Trauma-Sensitive Strength-Based Resources for Teachers

Do you have teacher envy? 

Do you look over into the other classroom, and as you walk by, you see a teacher smiling, students gathering around desks working together, and creating fantastic projects in their classroom. Do you think, how can they do all of this? What do they have that I don’t have?

Great teachers have self-awareness of what works for them as a teacher and what doesn’t. They know what comes easy for them and can manage the challenges. Great teachers know their strengths!

I taught for over ten years in a middle and high school science classroom. In my first couple of years of teaching, I would watch veteran teachers and believe that I had to teach just the same way. I often would learn new tools to add to my toolbox of strategies. However, when a method that I tried repeatedly didn’t work with students, I felt awkward and very uncomfortable in front of the class. I am sure the students could feel that too! I now see that I wasn’t teaching in a way that fit my strengths.

What has helped good teachers become great is being aware of their strengths. When they know their strengths, teachers can see their students’ strengths to build a classroom that honors diversity.

Two resources to help you create classrooms that develop strengths and honor diversity

Teaching to Strengths, Supporting Students Living with Trauma, Violence, and Chronic Stress by Debbie Zacarian, Lourdes Alvarez-Ortiz, and Judie Haynes

Classroom educators have the job of being one of the leading influencers on how a child views themselves and develop their unique set of assets and strengths. Teach to Strengths is written by three English Language Learner (ELL) instructors that approach the instruction of a diverse group of learners from a trauma-sensitive strength-based approach. As stated in the book’s introduction, the fastest-growing segment of U.S. school students is English learners, many of whom have experienced trauma, violence, and stress in very distinct ways. These learners come to the classroom with many unacknowledged strengths and resilience. The authors use case studies and many examples to help educators develop the strategies and skills for creating a strength-based inclusive classroom that capitalizes on the asset of the learner.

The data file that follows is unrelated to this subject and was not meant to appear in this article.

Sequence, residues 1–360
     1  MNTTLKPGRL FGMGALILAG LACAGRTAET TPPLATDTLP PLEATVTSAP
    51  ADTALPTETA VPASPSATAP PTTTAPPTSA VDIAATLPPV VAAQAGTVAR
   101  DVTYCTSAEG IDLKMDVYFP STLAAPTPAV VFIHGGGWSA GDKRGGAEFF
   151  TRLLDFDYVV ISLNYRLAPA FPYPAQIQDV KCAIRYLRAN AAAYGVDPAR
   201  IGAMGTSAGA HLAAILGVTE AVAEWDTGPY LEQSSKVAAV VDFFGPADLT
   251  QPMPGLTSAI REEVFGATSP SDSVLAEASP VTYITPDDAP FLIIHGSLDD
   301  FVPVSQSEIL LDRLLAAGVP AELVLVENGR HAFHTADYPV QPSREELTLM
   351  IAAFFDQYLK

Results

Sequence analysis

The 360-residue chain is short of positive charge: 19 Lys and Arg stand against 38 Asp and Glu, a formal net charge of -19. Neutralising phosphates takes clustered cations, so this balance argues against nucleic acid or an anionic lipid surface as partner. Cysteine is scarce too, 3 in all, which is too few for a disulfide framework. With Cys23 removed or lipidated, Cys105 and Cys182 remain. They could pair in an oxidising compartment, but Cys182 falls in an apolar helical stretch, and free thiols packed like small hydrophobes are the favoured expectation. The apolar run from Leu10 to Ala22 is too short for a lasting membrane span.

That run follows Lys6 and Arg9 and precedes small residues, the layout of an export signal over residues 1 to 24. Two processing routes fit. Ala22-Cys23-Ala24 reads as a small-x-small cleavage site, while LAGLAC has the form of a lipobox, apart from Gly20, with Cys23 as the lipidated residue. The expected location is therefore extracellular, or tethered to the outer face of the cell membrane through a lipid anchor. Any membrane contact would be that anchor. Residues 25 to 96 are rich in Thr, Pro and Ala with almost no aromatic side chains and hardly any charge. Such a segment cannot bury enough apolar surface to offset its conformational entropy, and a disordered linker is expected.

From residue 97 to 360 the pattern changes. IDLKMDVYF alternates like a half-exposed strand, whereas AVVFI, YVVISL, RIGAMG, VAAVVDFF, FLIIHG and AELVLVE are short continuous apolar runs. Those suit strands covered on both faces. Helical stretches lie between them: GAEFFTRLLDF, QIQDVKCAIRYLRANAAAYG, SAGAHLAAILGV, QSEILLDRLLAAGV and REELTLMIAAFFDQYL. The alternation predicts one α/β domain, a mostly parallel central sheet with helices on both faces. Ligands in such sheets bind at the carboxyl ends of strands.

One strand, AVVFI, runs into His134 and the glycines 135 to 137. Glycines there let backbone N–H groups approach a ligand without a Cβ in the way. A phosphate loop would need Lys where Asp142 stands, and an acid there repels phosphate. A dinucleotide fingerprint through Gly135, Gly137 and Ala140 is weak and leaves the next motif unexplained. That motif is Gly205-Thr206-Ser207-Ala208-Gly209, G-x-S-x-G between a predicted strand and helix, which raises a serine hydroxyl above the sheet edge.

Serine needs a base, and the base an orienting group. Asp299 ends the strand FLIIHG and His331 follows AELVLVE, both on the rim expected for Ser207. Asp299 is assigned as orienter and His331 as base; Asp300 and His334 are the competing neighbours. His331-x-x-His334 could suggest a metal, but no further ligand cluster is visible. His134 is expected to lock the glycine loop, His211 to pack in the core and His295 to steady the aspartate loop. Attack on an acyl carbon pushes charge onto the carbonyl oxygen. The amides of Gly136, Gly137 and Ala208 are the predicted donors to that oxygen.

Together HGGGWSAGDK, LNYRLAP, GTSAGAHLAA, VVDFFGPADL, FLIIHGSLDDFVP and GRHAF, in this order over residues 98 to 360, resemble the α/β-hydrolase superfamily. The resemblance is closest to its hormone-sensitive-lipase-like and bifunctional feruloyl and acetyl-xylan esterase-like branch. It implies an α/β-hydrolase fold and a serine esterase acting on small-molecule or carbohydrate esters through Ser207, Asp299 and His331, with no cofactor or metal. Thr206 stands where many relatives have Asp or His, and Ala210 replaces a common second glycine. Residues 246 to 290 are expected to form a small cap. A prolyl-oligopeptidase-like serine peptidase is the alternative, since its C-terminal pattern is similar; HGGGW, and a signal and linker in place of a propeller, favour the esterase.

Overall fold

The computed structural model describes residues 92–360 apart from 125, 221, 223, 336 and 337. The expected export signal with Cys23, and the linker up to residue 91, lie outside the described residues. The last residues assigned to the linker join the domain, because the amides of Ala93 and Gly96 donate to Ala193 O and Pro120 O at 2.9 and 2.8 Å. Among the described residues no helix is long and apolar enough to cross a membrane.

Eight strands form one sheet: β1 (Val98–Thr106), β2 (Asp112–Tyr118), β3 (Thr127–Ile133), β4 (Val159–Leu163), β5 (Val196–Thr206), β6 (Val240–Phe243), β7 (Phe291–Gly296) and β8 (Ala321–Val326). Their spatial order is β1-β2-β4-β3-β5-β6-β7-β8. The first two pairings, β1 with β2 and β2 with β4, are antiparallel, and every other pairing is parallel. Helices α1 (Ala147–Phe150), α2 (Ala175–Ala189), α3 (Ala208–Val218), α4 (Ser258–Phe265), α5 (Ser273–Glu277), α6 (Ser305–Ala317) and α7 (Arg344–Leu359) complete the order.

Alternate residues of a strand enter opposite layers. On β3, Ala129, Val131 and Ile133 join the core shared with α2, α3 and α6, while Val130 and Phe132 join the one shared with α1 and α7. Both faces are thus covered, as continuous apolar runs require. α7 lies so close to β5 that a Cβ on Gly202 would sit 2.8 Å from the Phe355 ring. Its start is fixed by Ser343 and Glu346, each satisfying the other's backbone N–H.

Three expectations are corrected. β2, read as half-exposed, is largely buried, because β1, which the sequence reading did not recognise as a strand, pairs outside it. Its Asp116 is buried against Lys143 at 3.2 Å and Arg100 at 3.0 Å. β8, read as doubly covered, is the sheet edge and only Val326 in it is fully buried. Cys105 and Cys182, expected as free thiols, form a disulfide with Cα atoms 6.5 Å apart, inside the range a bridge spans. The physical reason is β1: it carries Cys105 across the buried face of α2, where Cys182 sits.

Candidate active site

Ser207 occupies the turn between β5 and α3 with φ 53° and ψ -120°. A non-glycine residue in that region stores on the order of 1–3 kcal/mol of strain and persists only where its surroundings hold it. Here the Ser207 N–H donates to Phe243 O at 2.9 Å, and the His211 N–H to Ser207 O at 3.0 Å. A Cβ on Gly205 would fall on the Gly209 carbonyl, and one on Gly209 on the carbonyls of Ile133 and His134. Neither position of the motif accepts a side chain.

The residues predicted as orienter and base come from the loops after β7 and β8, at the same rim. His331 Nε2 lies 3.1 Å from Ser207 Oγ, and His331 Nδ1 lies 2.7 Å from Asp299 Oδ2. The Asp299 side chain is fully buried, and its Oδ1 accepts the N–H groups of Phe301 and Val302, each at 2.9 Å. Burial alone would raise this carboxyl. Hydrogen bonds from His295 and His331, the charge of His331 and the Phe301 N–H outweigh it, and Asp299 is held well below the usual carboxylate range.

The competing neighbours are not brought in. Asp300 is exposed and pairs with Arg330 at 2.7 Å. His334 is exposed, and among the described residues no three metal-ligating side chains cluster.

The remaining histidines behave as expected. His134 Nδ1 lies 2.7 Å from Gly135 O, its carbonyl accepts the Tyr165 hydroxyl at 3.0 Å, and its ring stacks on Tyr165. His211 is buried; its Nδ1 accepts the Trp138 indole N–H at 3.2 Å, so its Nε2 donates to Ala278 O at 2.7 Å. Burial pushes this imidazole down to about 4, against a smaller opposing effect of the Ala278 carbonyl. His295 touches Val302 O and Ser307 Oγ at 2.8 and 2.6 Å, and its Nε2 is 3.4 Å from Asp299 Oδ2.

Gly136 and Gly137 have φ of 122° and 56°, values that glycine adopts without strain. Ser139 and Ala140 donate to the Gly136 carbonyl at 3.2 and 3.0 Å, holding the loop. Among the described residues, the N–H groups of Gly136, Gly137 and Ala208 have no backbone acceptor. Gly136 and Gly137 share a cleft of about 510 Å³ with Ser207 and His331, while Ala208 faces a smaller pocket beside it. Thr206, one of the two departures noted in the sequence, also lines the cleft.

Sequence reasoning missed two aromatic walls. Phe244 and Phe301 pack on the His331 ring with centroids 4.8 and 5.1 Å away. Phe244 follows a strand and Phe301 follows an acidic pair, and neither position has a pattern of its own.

This book offers ways to bring strength-based approaches into the classroom, families, schools, and community. A strength-based approach to supporting students with trauma, such as EL learners, can be a way to help educators to see their strengths and values that helped them through adversity and build resilience. When classroom teachers can recognize students, who have suffered adverse situations, they have strengths that have helped them create resilience. We need to acknowledge that the flip side to trauma is resilience.

The teacher-student relationship is one of the most significant influences on student engagement and achievement. As stated in Teaching to Strengths, “the power of our influence in our interactions with students and the methods we use have a great deal of significance in student outcomes.”

The first step is to identify your strengths and values as a classroom teacher. “Our strengths, our assets, and our capacities to support our own well-being and that of others are based on our own uniqueness.” 

If you are not familiar with your strengths, I would like to suggest the following books as excellent resources.

Teach With Your Strengths, How Great Teachers Inspire Their Students by Rosanne Liesveld and Jo Ann Miller with Jennifer Robison

Teach With Your Strengths is specifically written for the classroom teacher to know and develop their unique strengths. Teach With Your Strengths uses the Clifton StrengthFinder assessment to help teachers acknowledge their strengths and relate them to teaching strategies that can best help them be better teachers. 

The book starts with what makes a great teacher. “Great teachers’ methods and intuitions are different. They don’t operate like other teachers, and they don’t believe everything they are taught or told.” In other words, great teachers know their strengths and weaknesses. They have developed their strengths to create successful relationships with their students. They have also developed successful systems to manage their weaknesses. 

The first step in your journey is being aware of your strengths. The book comes with a code to the Clifton StrengthFinder so teachers can start by identifying their top five strengths. If you would like to know all 34 of your strengths in order, you can go to the website and pay a fee to access all 34 strengths and many resources to help you go deeper into each strength. Teach With Your Strengths ends the book with supporting teachers. The rest of the journey is learning to own and apply them in your professional and personal life.